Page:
Friday, November 25, 2011

Learning and knowledge

Sensei Nishiyama used to tell me: “once you think you know, you are finished, you don’t learn anymore”.

This is the problem of knowledge, once we “know” something it feels old, even dead.

The fact that we can look at every day’s miracles around us, and not be constantly amazed is death.

“Not knowing” is different than ignorance, how do we go about increasing in learning while still maintaining the freshness and sense of wonder?

One idea is to treat each thing we learn as a piece in a larger puzzle that still has missing pieces.

Instead of each thing we learn become another thing we know let it be a reminder of how little we know.

Sensei Nishiyama used to constantly say that in karate “we seek the beauty of one finishing blow technique”, he never stressed doing more techniques and memorizing more combinations, but rather going deeper into each technique. Each technique has limitless levels. Aiko San used to say “treat each technique as a jewel”.

I remember going with Sensei to on of his international seminars, and he was teaching very basic techniques but very deeply, and some students looked very board, and I wanted to scream, please pay attention, you cannot get this information anywhere, don't miss out. Even now she I look at a picture of sensei doing simple reverse punch, I get the feel of how deep his technique was.

If we look at each technique and concept freshly, with amazement, we can keep finding out deeper levels.

With Sensei Nishiyama there was not one week that I did not learn something new or at least get a deeper understanding of things.

I heard this example of a mother and a baby traveling to far places, from the baby point of view they were always at same place, he was in his mother’s arms.

There were many times that Sensei Nishiyama said things that did not make sense to me, but with the years as he kept teaching us in all different ways, I understood where he was taking me.

There are times we need to accept our teacher experience and trust the direction he leads us, but we must be constantly questioning, curious and amazed.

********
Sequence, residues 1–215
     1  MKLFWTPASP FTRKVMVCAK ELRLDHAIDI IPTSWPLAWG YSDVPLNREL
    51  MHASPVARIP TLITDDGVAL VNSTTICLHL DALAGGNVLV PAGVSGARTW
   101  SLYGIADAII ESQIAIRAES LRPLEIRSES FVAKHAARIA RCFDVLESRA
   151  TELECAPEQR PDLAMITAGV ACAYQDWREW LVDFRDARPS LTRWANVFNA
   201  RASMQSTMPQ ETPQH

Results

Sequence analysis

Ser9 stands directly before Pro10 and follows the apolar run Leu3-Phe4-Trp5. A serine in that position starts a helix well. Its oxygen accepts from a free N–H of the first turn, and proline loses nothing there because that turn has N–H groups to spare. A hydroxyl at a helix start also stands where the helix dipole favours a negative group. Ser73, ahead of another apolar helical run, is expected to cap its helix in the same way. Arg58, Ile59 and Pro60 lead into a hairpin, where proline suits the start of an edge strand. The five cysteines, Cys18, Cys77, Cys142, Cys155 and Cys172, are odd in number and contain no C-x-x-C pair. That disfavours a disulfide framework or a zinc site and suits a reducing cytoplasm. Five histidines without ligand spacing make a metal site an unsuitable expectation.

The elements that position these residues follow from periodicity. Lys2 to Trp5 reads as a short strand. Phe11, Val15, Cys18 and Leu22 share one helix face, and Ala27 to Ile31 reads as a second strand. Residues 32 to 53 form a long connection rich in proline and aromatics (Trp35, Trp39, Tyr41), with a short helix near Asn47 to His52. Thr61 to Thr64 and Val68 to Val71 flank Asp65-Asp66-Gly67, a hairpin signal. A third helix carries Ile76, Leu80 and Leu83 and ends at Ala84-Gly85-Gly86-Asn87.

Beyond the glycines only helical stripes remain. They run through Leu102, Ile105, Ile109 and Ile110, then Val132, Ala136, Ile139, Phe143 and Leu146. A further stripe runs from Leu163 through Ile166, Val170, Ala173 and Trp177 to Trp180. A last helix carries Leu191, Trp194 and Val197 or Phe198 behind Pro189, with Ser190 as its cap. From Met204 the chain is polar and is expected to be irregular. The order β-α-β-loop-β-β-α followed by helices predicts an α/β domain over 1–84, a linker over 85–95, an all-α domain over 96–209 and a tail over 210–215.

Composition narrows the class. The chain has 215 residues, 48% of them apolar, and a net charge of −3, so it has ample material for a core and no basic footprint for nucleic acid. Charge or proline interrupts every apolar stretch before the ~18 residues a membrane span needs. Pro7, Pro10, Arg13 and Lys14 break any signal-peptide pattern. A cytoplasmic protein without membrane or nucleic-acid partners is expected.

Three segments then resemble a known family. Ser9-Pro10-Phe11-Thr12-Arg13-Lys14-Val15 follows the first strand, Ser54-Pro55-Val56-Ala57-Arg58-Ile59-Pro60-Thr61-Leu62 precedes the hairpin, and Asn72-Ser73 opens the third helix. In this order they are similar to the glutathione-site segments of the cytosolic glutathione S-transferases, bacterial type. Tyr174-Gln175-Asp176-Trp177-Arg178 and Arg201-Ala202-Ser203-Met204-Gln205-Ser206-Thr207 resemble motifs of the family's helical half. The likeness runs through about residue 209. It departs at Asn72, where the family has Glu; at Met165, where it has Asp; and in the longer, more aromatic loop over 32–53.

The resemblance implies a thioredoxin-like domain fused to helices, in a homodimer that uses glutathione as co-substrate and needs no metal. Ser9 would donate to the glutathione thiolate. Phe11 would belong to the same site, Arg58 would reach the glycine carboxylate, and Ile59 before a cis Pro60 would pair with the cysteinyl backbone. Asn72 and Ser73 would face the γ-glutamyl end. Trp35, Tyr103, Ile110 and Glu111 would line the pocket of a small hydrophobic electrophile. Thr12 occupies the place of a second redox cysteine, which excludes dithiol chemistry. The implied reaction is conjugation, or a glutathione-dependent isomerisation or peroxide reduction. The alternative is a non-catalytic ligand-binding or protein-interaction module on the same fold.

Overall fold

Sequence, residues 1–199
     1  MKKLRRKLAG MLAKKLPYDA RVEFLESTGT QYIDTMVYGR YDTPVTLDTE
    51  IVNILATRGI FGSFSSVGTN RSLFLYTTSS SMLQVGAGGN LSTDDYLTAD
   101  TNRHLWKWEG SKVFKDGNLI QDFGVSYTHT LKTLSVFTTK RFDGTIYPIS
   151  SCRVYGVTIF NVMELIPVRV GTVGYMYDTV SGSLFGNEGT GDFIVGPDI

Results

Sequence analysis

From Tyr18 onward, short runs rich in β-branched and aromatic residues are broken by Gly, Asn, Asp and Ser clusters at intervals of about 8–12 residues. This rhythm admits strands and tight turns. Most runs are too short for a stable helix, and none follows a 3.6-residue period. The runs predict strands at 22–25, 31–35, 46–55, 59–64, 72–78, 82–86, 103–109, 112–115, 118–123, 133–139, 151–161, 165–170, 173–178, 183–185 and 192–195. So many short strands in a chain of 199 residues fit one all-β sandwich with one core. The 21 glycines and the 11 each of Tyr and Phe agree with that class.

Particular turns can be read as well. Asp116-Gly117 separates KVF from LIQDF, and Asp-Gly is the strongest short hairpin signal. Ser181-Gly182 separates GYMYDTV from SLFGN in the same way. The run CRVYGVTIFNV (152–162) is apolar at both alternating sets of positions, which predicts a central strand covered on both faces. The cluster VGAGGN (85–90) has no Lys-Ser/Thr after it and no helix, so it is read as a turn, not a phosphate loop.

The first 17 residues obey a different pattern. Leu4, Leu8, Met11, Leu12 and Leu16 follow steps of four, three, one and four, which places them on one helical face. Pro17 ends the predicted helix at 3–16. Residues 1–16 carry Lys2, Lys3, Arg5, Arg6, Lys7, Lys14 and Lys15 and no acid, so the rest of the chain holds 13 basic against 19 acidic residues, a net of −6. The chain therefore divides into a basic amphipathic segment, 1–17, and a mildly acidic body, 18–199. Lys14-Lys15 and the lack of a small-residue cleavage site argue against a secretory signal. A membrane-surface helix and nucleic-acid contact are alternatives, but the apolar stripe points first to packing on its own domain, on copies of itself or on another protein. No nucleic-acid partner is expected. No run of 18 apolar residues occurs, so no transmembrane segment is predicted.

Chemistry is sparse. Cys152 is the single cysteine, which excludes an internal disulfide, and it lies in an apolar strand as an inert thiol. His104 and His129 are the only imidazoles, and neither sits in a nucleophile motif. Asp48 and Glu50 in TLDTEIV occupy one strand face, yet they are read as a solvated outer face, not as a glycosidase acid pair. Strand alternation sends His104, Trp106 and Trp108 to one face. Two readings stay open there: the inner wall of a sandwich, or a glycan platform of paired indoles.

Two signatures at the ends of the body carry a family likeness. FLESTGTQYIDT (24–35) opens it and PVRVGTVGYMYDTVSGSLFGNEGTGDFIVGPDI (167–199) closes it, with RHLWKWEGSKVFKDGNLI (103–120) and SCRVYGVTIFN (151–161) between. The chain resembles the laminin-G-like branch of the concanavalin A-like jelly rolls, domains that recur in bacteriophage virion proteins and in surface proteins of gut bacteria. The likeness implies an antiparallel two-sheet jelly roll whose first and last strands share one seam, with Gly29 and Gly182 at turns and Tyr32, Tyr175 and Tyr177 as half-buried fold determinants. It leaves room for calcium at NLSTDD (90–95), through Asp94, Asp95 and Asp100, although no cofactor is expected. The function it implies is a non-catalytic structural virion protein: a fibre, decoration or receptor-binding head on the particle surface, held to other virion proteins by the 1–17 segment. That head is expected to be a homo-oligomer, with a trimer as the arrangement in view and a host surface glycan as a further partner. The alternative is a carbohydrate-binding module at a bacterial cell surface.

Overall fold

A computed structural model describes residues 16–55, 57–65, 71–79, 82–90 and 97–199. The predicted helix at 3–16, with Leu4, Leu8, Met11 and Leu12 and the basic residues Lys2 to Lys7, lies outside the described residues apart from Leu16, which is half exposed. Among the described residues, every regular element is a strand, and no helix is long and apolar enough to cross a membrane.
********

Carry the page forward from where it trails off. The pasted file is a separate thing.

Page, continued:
Wednesday, November 2, 2011

Mokuso – make best mental/psychological condition for fighting. And for anything you want to be at your peak.

We start and end every class with a period of mokuso (meditation, concentration), yet most of us think of it as routine and just wait for it to be over so we can start training.

Truth is even we have the best technique, we will not be successful in competition or self defense, or any sport if we don’t have stable emotions and a quiet mind.

Mokuso is meant to create this condition, or a mind that is fresh, quiet and therefore aware of itself and everything around, that is a mind that is present and is responsive. A mind that have total focus without losing the awareness of the whole.

When we face an opponent and have such short time to make decision and react, if we analyze and our mind is not quiet, is over informed, we start having doubt, hesitate, lose stable emotions, then we cannot perceive the opponent, especially not the subtleties, the information that is there but is not obvious.

When we analyze we either confirm and wait or lose patience and rush, we are also easy to be manipulated and controlled by the opponent.

When our mind is quiet we perceive more information, so we are not only better fighters but also better students. Not just karate students, in the same way that we perceive the opponent as is, without judgment, so we can listen without our previous knowledge and with a mind that is beyond thought, thought is limited to what we know and is interfering and preventing us from true listening and learning.

Aiko San told me to take meditation very seriously. There are many ways for Mokuso, sensei Nishiyama used to tell us to half close the eyes and look softly down to a point 2,3 feet in front of us and with the exhalation push down any negative thoughts and emotions through the body center and to that spot.

Also, our karate is meditative, if we do the kata with full intention, and the intention, breath, muscles and technique match, than without effort our mind becomes very quiet.

I used to have a zen monk at my dojo whose famous master told him to go to karatein order to practice do-zen-moving meditation.

Of course you can meditate all day long and have a calm mind and strong spirit, yet you will die in a fight if you don’t have the technique.

Sensei Nishiyama constantly said, “Hard training makes confidence, confidence allows for stable emotions”. If you know you have strong finish technique and good timing, which will surely help stay calm and confidant.

So train hard and once in a while let’s remember that Mokuso is not just some ritual, but it allows us to have the right mind, and our body will move and respond only as well as the mind that controls it.